World War Two broke out in 1939 when we were in Newcastle, County Down on holidays at the end of the summer and I worried about my father being taken away from us to fight in the war against the Germans. I remember wondering whether we should we hide him in the attic! My father was an insurance agent in those days and worked very hard, cycling around the country to sell insurance. My mother worked hard too, as she looked after both her own mother and her mother-in-law until they passed away.

Another incident stands out in my mind; a simple event which was to fill me with conviction. I was around eleven or twelve when a tent mission came to the Seagoe area, just down the road from where I lived. I remember curiously cycling close to it and hearing the lovely singing of the opening hymn. A man called to me from the tent opening… “Won’t you come in?”

I, in turn made some excuse about not having a hat and he answered that this didn’t matter. I believe now that the man just wanted me to hear the gospel but I made my excuse because I knew instinctively, even then, that this meeting could mean that I had to greatly change my life in some way.

Some time later a clergyman called to the house one day to see whether I would like to be confirmed.  My mother opened the door to the gentleman in question and as soon as she did so I ran out the back door! Other young people may have viewed confirmation as just another ordinance of the church, but I sincerely felt that I could not go through with such a ceremony, unless I had truly made a commitment to the Lord. I honestly felt that to be confirmed would be wrong at the time and so I never was.

Eventually, at age fourteen I left school and started an apprenticeship with a hairdresser in Portadown. As I grew into a young woman, I would go out to the cinema occasionally on a Saturday, but apart from this, I didn’t socialise much. After some years, when I was just nineteen in the year 1948, I met a young man who was from the country near Armagh, whose name was ‘Jack Hutchinson.’ In those days the bridge over the River Bann was a favourite meeting place for young people and it was here that I was amused one evening to see Jack throwing a box of matches in the air. I think that perhaps he was trying to impress me but as it happened he dropped them!

Unknown to me, this young man had spotted me on other occasions too – once at a sports event when I was much younger and another time at some amusements. I was a bit of a ‘loner’ in those days and Jack told me later that he had noticed that I was standing alone, away from the crowds. Now that I had met Jack we would both go out together to the ‘Regal’ cinema on a Saturday night. I enjoyed his company very much but then something happened which was the start of a great change in Jack’s life. In the early summer of 1950 he started to go to a mission which was being run by an organisation known as the Faith Mission, in a little hall at Cloughan near Armagh. Jack had always attended his church faithfully, but now he told me that he knew that there was something missing in his life and one day he told me that he felt that he would like to have the assurance of being ‘saved.’ I was very curious about this mission and wanted to know what he meant, so I too went along with him one evening.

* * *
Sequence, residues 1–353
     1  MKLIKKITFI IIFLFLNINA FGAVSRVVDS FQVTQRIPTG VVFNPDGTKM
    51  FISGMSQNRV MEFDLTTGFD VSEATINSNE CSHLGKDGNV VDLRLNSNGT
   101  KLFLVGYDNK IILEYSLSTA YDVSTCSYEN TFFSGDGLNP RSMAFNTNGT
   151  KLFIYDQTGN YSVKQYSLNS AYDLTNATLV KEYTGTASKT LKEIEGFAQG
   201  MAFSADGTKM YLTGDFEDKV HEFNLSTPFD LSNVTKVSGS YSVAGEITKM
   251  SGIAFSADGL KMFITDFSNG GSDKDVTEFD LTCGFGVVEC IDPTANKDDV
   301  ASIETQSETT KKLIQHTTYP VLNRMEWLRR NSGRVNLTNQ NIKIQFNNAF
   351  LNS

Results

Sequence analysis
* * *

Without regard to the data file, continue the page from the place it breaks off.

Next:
There I met Miss Cordner, the Faith Mission pilgrim who was later to lead Jack to the Lord and I have to say that this lady made a very deep impression on me, for she seemed so pure and full of goodness. This encounter awakened a yearning in me; I wanted, as the poem which I wrote about Miss Cordner goes, to ‘be like she… so full of grace and charity.’ Soon, one day Jack told me that he had been back to this mission again and that he had trusted the Lord to save him. Right then I knew that my life would need to change too if our relationship was to continue. I had been trying to read the Bible in those days, but starting in the Old Testament I found many things so difficult to accept and yet I knew that this was God’s Word and I wanted to be right with Him.

Conviction of sin lay heavily upon me in those days following Jack’s conversion. I remember praying and pleading with the Lord to make me right with Him. The conviction upon me was so deep that I would pray aloud in anguish, so much so that my sister Betty heard me. Seeing how disturbed I was, she gave me some advice… “Perhaps if you pray, meaning every word, it will work,” I recall her saying to me.

Then one night my parents and sister were not there and I was alone praying and pleading again in our living room. That evening I was kneeling at the left hand side of the fireplace and I cried unto the Lord: “Lord save me!” And praise God that evening I knew that something marvellous had happened; I had broken through to Him this time… He had answered my prayer and He had saved me and what is more, this time I believed that He had saved me! “For whosoever shall call upon the name of the Lord shall be saved.” (Romans 10v13)

How I thank the Lord for that wonderful evening which was to set the scene for the rest of my life! In those days we didn’t know to write down the date of when we came to know the Saviour. I know that it was just a very short time after Jack’s salvation experience but I am uncertain as to exactly when. But I know where it happened and praise God, I know that He answered me when I cried out to Him that evening and I began to know His lovely Presence in my life. It makes me smile now when I think about how Jack and I were such an enthusiastic young couple, anxiously wanting to work for the Lord wherever He would lead us.